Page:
The pitfalls and dangers of target retirement funds

Mutual funds, Personal finance

It seems one type of investment that’s increasingly offered are so-called target retirement funds, also known as age-based funds, or lifecycle funds. Smart Money and other leading personal finance magazines have written many articles recently touting the benefits and growing popularity of these funds. But I disagree with them, and here’s why:

  • They add an additional layer of complication: There are more mutual funds today than there are actual stocks to invest in (this can be corroborated by a 2003 speech given by Vanguard’s Founder). That means that on average, more mutual funds are investing in the same stocks. If target retirement funds are then investing in mutual funds, aren’t you essentially buying an indirect form of an indirect form of a stock? Why add an extra layer of indirectness and potentially an extra layer of costs?

  • There’s less transparency: Some of these target retirement funds “trade” using a symbol (for example, all take the form of “FFFFx”), but some of them, like the ones offered by my previous employer, don’t have a trading symbol at all. I’m not one to constantly watch my investments, but suppose once a year I’d like to make sure my investments are or some other benchmark such as a plain-jane mutual fund. I certainly can’t do that as easily as I could with mutual funds or stocks.

  • You might be less diversified than you think: These funds tout their ease of use by implying that you simply pick a date for retirement and they’ll do the rest: just buy and forget. Suppose you invest in one of Fidelity’s Freedom Funds. These actually invest in Fidelity’s own mutual funds, and if you click on their “holdings” tab they’ll list which ones. But it’s hard, if not impossible, to tell your asset allocation mix and what you really own without then digging into what each fund owns, and trying to determine what percentage of those holdings are in your portfolio. Some studies have shown that .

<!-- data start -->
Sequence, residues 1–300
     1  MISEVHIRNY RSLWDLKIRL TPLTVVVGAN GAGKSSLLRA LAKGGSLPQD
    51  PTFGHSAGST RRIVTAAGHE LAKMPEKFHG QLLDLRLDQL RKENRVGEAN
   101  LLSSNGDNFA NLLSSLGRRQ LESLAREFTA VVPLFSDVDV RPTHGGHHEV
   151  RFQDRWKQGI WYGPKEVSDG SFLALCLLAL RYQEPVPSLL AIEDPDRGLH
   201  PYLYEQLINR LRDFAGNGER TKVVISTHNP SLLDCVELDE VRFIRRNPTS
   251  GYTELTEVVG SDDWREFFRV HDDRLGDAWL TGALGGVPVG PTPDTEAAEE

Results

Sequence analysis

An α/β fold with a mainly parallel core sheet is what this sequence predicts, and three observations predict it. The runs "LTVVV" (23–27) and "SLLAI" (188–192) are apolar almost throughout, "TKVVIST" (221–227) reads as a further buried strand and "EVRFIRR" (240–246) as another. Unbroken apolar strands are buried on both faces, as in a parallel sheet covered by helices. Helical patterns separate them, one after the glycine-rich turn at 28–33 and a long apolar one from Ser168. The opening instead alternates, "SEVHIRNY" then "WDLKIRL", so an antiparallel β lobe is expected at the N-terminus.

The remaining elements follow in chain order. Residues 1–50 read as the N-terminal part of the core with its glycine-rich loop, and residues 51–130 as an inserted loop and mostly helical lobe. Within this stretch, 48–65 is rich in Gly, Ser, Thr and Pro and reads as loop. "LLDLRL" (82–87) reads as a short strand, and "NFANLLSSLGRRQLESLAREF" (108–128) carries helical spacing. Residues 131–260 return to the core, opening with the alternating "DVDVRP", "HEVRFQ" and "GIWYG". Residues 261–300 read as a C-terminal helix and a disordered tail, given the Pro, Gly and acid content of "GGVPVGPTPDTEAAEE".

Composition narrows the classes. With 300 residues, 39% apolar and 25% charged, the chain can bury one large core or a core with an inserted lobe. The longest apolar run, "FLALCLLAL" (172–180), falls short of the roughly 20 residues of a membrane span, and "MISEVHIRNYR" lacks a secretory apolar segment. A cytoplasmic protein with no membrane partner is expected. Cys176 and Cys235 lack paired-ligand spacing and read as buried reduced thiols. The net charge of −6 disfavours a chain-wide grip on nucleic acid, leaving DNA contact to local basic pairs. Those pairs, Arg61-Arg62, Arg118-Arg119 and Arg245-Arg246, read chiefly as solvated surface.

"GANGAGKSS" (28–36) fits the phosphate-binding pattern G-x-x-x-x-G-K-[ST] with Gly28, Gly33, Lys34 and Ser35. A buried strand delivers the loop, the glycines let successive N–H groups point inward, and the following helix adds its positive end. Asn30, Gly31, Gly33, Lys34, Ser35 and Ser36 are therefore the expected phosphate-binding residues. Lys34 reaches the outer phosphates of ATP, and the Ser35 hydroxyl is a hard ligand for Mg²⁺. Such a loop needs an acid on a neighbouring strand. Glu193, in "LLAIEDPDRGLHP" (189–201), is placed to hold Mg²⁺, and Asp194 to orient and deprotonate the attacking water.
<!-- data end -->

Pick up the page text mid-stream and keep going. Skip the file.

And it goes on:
I realize that most people want to take it easy and not worry about money matters and investments. I come from the philosophy that you really have to be accountable and assertive about the investment choices you make, because after all, you worked hard to earn it, and you will always be the person with your own best interests in mind. Investing, like anything else worth doing in life, takes time and energy, and autopilot or “buy and forget” ’til you retire just sounds like dangerous advice to me.

I believe there are good mutual funds out there, but these target retirement funds just simply aren’t for me because in the end, they take away too much control and just plain aren’t transparent enough. What do you think? Thanks for reading.


Look Good at Work and Become Indispensable Become an Excel Pro and Impress Your Boss


4 Feedbacks on "The pitfalls and dangers of target retirement funds"


“it’s hard, if not impossible, to tell your asset allocation mix and what you really own without then digging into what each fund owns, and trying to determine what percentage of those holdings are in your portfolio”

Have you see Morningstar’s (free) X-Ray tool?

For some funds (Vanguarg Target Retirement Funds, e.g. VTIVX), you can easily get a pretty good picture of the underlying allocation of this fund using the Morningstar X-Ray tool.

What is scary though, is that when I try to “X-Ray” one of the Fidelity Funds (e.g. FFFHX) the allocation comes up as 100% “not classified”. Yikes! :-)


I’m not familiar with the X-ray tool, but I’ll have to check it out. Thanks for letting me know about it!

Consumerism Commentary: A Blog About Personal Finance

Carnival of Personal Finance #53…

Welcome to the anniversary edition of the Carnival of Personal Finance! What a year it has been. The first Carnival of Personal Finance was posted on June 20, 2005. To celebrate the Carnival’s first birthday, I asked participants to submit two…

Buford Twain

Sorry to be late to this party.

I think the Vanguard target retirement funds are OK.

They have a reasonable blend of domestic, foreign, emerging markets (tiny share) index funds and bonds, similar to what folks like William Bernstein (The Four Pillars of Investing) and others suggest. So, for people who really don’t want to worry about asset allocation, stock picking or rebalancing (i.e. 99.9% of people?) they are pretty good. The fees are reasonable as well.